The Repaire of Honour, Falsely impeached by Featlye a Minister…

Bruges, [Saint Omer: English College Press], 1624

£6,500

First edition. Small 8vo., pp. 32. Roman letter with some Italic. Woodcut device on t-p, one floriated woodcut initial at start, 19th-century marbled end-papers. A very little spotting in places, some upper margins rather closely cropped affecting a few page numbers, a good copy in 17th-century calf, gilt, re-backed, with ‘REPAIR AT HANOVER’ gilt on spine, all edges blue.

FIRST AND ONLY EARLY EDITION of Edward Weston’s epistolary treatise, which takes as its subject the apparent slander of the Featly of the title, a Protestant Minister based in London and attempts to refute it. Addressed to ‘Two fathers of the Society of Jesus’, the Catholic Weston’s anger is directed at a pamphlet written by Featly – The Fisher catched in his own net, 1623 – and was especially kindled by three comments. The first centres on a remark Featly claims Weston made on the topic of an argument between the two fathers addressed by the treatise (John Percy, alias Fisher, and John Sweet) and Featly and White – another Protestant Minister – concerning two Earls who converted to Catholicism. Weston denounces Featlye’s written treatment of him as ‘childish, uncivill, & no small demonstrance of the great weakness of his religion’, indeed dismissing the entire pamphlet, rather charmingly, as ‘meere aëriall babblements’. After all, he acknowledges, it is the natural inclination of a Protestant to ‘invent & blaze out lyes’. Weston’s narration of the affair provides a fascinating insight into the tensions between Catholics and Protestants in early seventeenth-century England; Weston was writing from Bruges, and a large part of his understanding of the matter apparently came via a visiting Earl, so hearsay and rumour must have played a role. The second point of Featly’s pamphlet which Weston addresses is his claim that the Reverend Fathers refused to confirm or deny that Christ and the Apostles were the ‘authours of Protestancy’, another ‘lye’; the third, that Saint Ignatius, Bishop of Antioch and Martyr of Rome, was a Protestant, or Puritan; Weston’s strategy for countering this argument lies in the assemblage of thirteen points of Protestant doctrine (i.a. that the Eucharist is merely representative; that saints and relics are not to be worshipped; that Ignatius’ faith was different to that of the Saints Policarp, Chrysostom, and Augustine), which Weston systematically demolishes with quotations from, and explanations, of various passages by Saint Ignatius himself.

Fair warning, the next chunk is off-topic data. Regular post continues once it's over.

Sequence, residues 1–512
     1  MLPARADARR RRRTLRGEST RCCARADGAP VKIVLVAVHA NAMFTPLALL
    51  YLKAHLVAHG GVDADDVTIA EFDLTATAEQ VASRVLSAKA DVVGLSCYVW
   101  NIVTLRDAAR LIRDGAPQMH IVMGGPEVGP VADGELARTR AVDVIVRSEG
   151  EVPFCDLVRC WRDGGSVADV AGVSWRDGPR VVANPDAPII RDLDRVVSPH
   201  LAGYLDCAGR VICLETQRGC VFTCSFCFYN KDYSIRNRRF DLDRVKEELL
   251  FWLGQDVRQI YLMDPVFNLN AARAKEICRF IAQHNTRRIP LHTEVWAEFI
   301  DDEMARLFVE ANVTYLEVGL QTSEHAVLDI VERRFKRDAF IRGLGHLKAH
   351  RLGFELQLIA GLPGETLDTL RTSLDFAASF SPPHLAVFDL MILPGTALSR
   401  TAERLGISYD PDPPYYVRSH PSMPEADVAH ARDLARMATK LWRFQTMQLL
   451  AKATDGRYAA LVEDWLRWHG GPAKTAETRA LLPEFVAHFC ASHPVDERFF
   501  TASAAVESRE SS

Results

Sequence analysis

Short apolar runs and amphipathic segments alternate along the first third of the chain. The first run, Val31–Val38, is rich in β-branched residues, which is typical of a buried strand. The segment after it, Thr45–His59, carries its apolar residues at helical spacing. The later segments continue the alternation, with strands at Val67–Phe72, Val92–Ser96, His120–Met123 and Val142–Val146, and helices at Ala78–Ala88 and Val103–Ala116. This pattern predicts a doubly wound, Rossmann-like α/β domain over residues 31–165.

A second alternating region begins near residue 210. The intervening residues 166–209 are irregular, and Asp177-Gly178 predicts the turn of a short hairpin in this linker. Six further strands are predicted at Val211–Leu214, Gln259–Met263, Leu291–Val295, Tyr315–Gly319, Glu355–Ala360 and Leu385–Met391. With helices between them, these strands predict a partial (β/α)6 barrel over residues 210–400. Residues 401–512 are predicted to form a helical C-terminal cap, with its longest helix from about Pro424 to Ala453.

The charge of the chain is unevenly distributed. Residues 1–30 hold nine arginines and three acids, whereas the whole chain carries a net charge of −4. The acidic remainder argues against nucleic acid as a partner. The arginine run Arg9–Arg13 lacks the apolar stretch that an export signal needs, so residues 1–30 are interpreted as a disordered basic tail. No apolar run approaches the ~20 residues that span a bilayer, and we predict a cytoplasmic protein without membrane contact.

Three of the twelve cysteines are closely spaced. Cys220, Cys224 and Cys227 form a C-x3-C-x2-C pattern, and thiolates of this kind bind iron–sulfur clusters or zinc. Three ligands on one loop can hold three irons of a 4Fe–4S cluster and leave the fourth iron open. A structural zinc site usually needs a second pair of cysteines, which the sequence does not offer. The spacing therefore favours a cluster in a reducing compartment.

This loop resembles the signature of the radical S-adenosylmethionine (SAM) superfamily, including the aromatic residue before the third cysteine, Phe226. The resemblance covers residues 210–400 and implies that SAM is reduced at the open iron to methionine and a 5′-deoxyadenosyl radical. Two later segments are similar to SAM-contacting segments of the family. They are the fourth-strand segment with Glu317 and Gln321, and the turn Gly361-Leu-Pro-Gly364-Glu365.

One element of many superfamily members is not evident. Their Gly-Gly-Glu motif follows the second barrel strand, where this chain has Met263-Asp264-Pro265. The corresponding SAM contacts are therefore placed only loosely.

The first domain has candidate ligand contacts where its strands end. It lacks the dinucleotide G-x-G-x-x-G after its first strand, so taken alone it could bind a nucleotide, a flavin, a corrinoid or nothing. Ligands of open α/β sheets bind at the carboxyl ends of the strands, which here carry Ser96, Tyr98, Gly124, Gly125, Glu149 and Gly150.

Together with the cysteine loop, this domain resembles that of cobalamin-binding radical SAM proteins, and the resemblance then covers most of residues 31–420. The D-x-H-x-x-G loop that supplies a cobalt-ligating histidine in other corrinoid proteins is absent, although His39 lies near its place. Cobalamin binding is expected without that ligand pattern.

Edward Weston (1566-1635) was a Roman Catholic priest who attended Lincoln College Oxford before moving to the Continent and becoming a member of the English College at Reims, and then at Rome. He followed the English College at Reims to Douai in 1593, and became Canon of the collegiate Church of St. Mary at Bruges. He was well known as an author of controversialist literature.

STC 25289; lists only 3 copies (Jesuits, Farm St; Bodleian; Stonyhurst). Lowndes VII, 2881. Allison & Rogers 797. Milward 744. We have not located a copy in any US library.

L1812

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